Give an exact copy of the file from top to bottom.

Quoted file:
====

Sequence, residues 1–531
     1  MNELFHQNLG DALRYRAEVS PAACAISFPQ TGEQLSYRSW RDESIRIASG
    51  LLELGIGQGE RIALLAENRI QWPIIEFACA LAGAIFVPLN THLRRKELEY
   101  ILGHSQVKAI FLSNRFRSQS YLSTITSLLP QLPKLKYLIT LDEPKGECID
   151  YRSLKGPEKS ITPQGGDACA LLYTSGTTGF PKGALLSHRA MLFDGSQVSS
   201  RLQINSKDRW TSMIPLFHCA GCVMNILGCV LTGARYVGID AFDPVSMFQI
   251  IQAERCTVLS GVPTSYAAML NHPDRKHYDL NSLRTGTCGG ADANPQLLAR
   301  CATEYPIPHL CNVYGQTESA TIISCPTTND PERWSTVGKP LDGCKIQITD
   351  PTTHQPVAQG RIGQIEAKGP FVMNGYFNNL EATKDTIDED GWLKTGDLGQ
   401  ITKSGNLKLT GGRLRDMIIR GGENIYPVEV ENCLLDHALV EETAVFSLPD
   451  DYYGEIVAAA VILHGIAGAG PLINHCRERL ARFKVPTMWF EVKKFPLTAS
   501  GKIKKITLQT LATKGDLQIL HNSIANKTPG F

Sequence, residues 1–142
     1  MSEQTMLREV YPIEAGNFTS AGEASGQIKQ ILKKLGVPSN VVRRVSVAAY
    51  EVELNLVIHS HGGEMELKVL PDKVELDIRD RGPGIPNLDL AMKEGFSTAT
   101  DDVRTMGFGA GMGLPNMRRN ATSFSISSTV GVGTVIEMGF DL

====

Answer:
Sequence, residues 1–531
     1  MNELFHQNLG DALRYRAEVS PAACAISFPQ TGEQLSYRSW RDESIRIASG
    51  LLELGIGQGE RIALLAENRI QWPIIEFACA LAGAIFVPLN THLRRKELEY
   101  ILGHSQVKAI FLSNRFRSQS YLSTITSLLP QLPKLKYLIT LDEPKGECID
   151  YRSLKGPEKS ITPQGGDACA LLYTSGTTGF PKGALLSHRA MLFDGSQVSS
   201  RLQINSKDRW TSMIPLFHCA GCVMNILGCV LTGARYVGID AFDPVSMFQI
   251  IQAERCTVLS GVPTSYAAML NHPDRKHYDL NSLRTGTCGG ADANPQLLAR
   301  CATEYPIPHL CNVYGQTESA TIISCPTTND PERWSTVGKP LDGCKIQITD
   351  PTTHQPVAQG RIGQIEAKGP FVMNGYFNNL EATKDTIDED GWLKTGDLGQ
   401  ITKSGNLKLT GGRLRDMIIR GGENIYPVEV ENCLLDHALV EETAVFSLPD
   451  DYYGEIVAAA VILHGIAGAG PLINHCRERL ARFKVPTMWF EVKKFPLTAS
   501  GKIKKITLQT LATKGDLQIL HNSIANKTPG F

Sequence, residues 1–142
     1  MSEQTMLREV YPIEAGNFTS AGEASGQIKQ ILKKLGVPSN VVRRVSVAAY
    51  EVELNLVIHS HGGEMELKVL PDKVELDIRD RGPGIPNLDL AMKEGFSTAT
   101  DDVRTMGFGA GMGLPNMRRN ATSFSISSTV GVGTVIEMGF DL